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[Editorial] New Cabinet in the Incoming Government should Filter PTC’s National Policy Goals

[Editorial] New Cabinet in the Incoming Government should Filter PTC’s National Policy Goals

Posted February. 21, 2003 22:43,   


Although the President-elect Roh Moo-hyun`s presidential transition committee presented three major goals, four principles, and twelve tasks the “participatory government” is expected to carry out in the next five years, one important thing is missing here. In other words, it failed to carry out examinations and assessments on the outgoing government’s administrative performances that can be regarded as a basic task for a government takeover team.

It is regrettable for the transition committee not to have placed a more importance on systematic and general analyses on the outgoing Kim Dae-jung government`s successes and failures in administrative polices on the ground that the incoming government has no choice but to deal with national polices, starting from what the outgoing government has left and reason for the transition team`s being is to maintain continuity of national policies. That the government transition team has invited series of accusations and criticisms of overstepping its authority and making trials and errors may have something to do with the omission of the important task.

Although it is difficult to judge the Roh`s government policy goals whose detailed tasks are composed of way over one hundred points in a word, in general, they do not seem to be sharply different from what the outgoing government implemented and be reinforced with reformist agenda. In particular, as the incoming government is emphasizing fair distribution of wealth, participatory politics, eradication of social discriminations and welfare in the fields of economy, labor, and society, confrontations are expected in the process of pushing for those polices.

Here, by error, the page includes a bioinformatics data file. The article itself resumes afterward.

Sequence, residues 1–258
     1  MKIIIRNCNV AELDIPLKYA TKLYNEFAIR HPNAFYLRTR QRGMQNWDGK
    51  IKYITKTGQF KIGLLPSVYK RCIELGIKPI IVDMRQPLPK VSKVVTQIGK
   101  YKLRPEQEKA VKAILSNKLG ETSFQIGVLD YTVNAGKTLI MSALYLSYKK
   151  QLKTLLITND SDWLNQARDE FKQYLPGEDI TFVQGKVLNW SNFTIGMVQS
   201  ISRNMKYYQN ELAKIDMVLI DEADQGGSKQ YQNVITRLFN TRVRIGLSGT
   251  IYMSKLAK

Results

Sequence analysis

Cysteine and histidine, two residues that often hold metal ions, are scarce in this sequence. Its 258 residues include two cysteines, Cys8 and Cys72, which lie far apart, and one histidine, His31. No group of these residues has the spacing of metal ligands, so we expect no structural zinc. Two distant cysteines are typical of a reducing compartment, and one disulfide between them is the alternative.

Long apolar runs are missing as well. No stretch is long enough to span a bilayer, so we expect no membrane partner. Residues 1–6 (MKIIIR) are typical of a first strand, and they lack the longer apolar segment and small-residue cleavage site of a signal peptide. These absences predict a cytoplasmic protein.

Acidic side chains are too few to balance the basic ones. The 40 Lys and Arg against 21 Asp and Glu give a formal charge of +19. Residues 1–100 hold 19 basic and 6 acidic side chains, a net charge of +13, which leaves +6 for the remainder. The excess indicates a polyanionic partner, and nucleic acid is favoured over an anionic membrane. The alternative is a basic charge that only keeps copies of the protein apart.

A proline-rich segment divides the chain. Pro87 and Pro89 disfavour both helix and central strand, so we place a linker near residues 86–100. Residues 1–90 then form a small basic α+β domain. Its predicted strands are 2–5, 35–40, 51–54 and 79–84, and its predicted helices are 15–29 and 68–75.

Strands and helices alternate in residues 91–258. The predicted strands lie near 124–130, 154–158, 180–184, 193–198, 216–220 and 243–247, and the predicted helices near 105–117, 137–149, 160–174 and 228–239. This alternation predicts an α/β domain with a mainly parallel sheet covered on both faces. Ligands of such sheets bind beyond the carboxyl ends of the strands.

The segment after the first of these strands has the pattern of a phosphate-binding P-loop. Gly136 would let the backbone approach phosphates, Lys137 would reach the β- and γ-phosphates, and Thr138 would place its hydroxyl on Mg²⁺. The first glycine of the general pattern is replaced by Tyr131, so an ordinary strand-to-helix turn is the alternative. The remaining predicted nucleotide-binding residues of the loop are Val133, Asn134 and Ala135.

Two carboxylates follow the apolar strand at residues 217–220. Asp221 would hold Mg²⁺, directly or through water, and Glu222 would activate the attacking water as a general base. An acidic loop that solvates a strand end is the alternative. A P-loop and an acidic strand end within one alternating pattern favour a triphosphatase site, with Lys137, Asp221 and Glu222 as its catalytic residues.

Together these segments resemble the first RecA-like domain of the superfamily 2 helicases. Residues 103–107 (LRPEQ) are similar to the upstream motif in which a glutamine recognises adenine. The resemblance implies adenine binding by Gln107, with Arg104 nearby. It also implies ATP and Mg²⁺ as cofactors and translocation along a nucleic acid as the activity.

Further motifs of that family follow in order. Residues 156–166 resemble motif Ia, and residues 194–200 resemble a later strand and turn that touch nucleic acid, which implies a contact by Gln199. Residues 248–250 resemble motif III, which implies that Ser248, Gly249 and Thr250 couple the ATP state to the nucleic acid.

It is certain that the incoming government’s policy direction and major policy goals the transition team has drawn up will have a great influence on setting the tone of its policies. The same is true for the presidential secretaries that generally show similar characteristics of the transition team. However, it might be impossible for the government transition team generally composed of reform-mined and junior academics to thoroughly examine the outgoing government’s overall policy problems in such a short period of fifty days, not to mention shaping policy goals in order. In addition, the transition committee-presented policy goals have no legal binding.

To minimize chances of the incoming government making mistakes in implementing policies, a new cabinet should decide on which policies should be given priorities over others. The new cabinet should desert half-baked national policy goals, taking into account concreteness, feasibility and expected impact of policy goals the transition committee has presented. And then, priority should be given remaining policy goals that will survive the cabinet`s through review, considering the administrative circumstances, such as national budget, constitutionality, social demand, and public opinion. In addition, the incoming government should maintain pragmatic attitude to flexibly cope with changes in circumstances, observing principles. If the incoming government is only obsessed with ideology and cause in ignorance of the reality, such an attitude risks causing the disruption of national affairs and division in public opinion.

The cabinet in the incoming government is different from the presidential transition committee and practices are not allowed when it comes to managing the nation. The success of national administration in the next five years depends heavily on the incoming government’s capability of filtering ill-considered and half-baked national policy goals at the early part of its coming into power.